Cohesion is produced by mixing, living together, being educated together, marrying people from other backgrounds it is a separate issue and takes generations.

  • Fair Deal

    “Very few because Unionists believe the internal affairs of the Republic of Ireland are its own business.”

    Not quite true is it? Most unionists are quite generous when it comes to giving their opinion on our state 🙂

  • Katinka

    Nobody on this thread seems to want to be bothered to attempt to define what ‘Britishness’ might be….not easy but there is no point in slagging it off without doing some homework first. I would offer some ideas…
    ‘Britishness’ is an over-arching term for much that we take for granted. It is knowing something about the history of the countries that make up the ‘British Isles’; knowing something of the peoples of these countries, their culture, patron saints, national emblems and so on. This would obviously include the ROI – but I am not suggesting they are ‘British’, just that they have a shared history, and above all, shared values.
    Then there is British democracy, the rule of law, the common law system, the separation of powers, the primacy of parliament, the electoral system, and a civil service that is independent (despite the efforts of the present government). Armed forces and police that are answerable to parliament.
    I am sure I have forgotten to mention other important things. I know that ‘British’ is not perfect, and I know that many will say that these things exist in many other countries, quite right, the British exported them.
    We are, if you like, a family in these islands. Like it or not we quarrel like a family, often passionately, but come together when threatened by outsiders.
    Some thoughts for starters.

  • Brian Boru

    This should not be extended to NI for obvious reasons.

  • stephen

    English values?

    That’ll be talking shite about your football team’s chances at the world cup, and bringing up 66, (groan), in fact, the english bring that up more times than prods bring up 1690 and taigs bring up bloody sunday.

    The only other English ‘value’ would be to have baked beans with every bloody meal.

    No wonder they are so full of hot air. lol.

    Katinka, a thought provoking post and a good analogy to boot.

    Yes, Britishness used to stand for decency, but in years gone past, Blairs government have distorted that view, and the influx of foregners, as warned by Enoch Powell has further diminshed the nationalistic pride of some, due to fears about being labelled right wing, or non pc.

    I for one am proud to be an Ulsterman, proud to be British, and proud to be Northern Irish.

    To even begin to try and teach this to my children takes time, and to teach it to outsiders (within our country) would be a challenge to say the least.

  • Prince Eoghan

    Good craic boys/girls, wonder if the two above me failed to pick up the IRONY.

  • heck

    Katinka

    “Then there is British democracy, the rule of law, the common law system, the separation of powers, the primacy of parliament, the electoral system, and a civil service that is independent (despite the efforts of the present government). Armed forces and police that are answerable to parliament.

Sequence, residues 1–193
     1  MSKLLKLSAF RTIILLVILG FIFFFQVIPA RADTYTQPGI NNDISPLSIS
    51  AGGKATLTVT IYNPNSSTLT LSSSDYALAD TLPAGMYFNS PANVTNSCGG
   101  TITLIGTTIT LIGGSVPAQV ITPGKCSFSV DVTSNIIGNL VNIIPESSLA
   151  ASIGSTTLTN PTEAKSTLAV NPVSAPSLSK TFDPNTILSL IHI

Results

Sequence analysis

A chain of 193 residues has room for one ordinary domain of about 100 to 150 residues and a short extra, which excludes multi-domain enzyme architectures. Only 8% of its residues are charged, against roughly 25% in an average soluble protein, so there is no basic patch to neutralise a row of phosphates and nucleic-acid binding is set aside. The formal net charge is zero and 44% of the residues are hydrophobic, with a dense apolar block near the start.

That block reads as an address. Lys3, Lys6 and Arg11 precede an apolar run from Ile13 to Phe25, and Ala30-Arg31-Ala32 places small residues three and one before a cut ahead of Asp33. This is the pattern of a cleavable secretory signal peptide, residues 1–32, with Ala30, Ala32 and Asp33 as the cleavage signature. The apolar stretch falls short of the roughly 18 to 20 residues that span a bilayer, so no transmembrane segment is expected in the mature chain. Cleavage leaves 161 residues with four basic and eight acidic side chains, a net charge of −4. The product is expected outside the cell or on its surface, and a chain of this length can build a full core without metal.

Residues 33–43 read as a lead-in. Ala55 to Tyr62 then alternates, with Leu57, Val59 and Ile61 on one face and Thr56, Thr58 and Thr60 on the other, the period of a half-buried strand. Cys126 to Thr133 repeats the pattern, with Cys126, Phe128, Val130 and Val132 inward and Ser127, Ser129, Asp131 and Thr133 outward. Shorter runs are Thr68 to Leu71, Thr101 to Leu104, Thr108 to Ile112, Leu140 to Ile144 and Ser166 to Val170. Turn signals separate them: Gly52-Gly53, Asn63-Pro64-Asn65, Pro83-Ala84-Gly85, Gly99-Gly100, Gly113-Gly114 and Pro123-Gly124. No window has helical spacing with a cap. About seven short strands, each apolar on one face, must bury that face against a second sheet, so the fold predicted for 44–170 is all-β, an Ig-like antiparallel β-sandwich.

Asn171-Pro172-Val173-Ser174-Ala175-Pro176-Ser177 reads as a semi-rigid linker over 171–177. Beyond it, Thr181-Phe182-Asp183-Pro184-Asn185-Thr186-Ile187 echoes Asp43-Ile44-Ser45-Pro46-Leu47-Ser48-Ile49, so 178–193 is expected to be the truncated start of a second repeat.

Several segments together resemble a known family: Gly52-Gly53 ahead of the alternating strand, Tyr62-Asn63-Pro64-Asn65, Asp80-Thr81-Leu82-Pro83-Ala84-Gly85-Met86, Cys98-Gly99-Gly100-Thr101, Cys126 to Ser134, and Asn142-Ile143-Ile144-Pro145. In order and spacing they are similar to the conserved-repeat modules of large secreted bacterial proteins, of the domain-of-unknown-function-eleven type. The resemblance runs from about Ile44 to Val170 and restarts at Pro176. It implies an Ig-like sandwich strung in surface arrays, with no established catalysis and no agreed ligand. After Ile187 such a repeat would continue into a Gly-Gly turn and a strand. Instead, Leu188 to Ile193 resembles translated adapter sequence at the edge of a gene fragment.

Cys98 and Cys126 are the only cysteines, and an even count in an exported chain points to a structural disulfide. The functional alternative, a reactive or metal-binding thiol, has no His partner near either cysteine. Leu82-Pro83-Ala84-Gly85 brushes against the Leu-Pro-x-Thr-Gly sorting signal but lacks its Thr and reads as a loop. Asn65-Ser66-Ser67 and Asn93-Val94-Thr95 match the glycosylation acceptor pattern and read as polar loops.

The rule of law—don’t make me laugh, that is one of the daftest comments I have seen on this site -see threads on collusion!!

    The separation of powers–I don’t mean to be pedantic but this is an American concept not British. Under the unwritten British constitution there is no separation of powers and the queen (in effect the prime minister) is all-powerful. There is no separation between the executive, legislative and judicial branches of government. This is based in the history of monarchy and Honest Tony exercising power in the name of the sovereign.

    The queen is head of state, head of the church, head of the judiciary and head of the armed forces. In effect this is Honest Tony. He can run a government with just over 30% of the vote, he appoints the bishops of the established church (under the queens name.) The supreme court is the house of loads, which is one (undemocratic!!) chamber of the legislature. With regard to the armed forces Honest Tony can send them where he wants without a parliamentary vote.

    The primacy of parliament–again you make me laugh. Because the executive and legislative functions are part of the same body and party discipline is needed to keep the government there is no independent oversight of the government.

    As to the civil service –well look at Nor Iron.

    While people think the idea of abolishing the monarchy is trivial it is the concept of an all-powerful sovereign (the concept that gives Honest Tony his power) that we need to abolish.

  • joeCanuck

    Copy of my post on another thread:

    I don’t think there’s any such thing as “Britishness”, or “Frenchiness” or whatever.
    There are cultural differences such as the difference between French cuisine and English cuisine (please stop laughing at the latter).
    Everyone of us is an individual and deserves to be treated as such.
    Somehow I don’t thing this idea is going to make much of an impact on potential suicide bombers.
    The kids (and adults) just need to be continually reminded that a core value that most people hold is “Respect for others”. You can disagree with their opinions but you don’t have to be nasty when you do so.

  • smirkyspice

    joeCanuck, thanks very much for that thought

  • stephen

    Being a seasoned traveller, I will take english cuisine any day…along with French, or even Spainish wine….

  • joeCanuck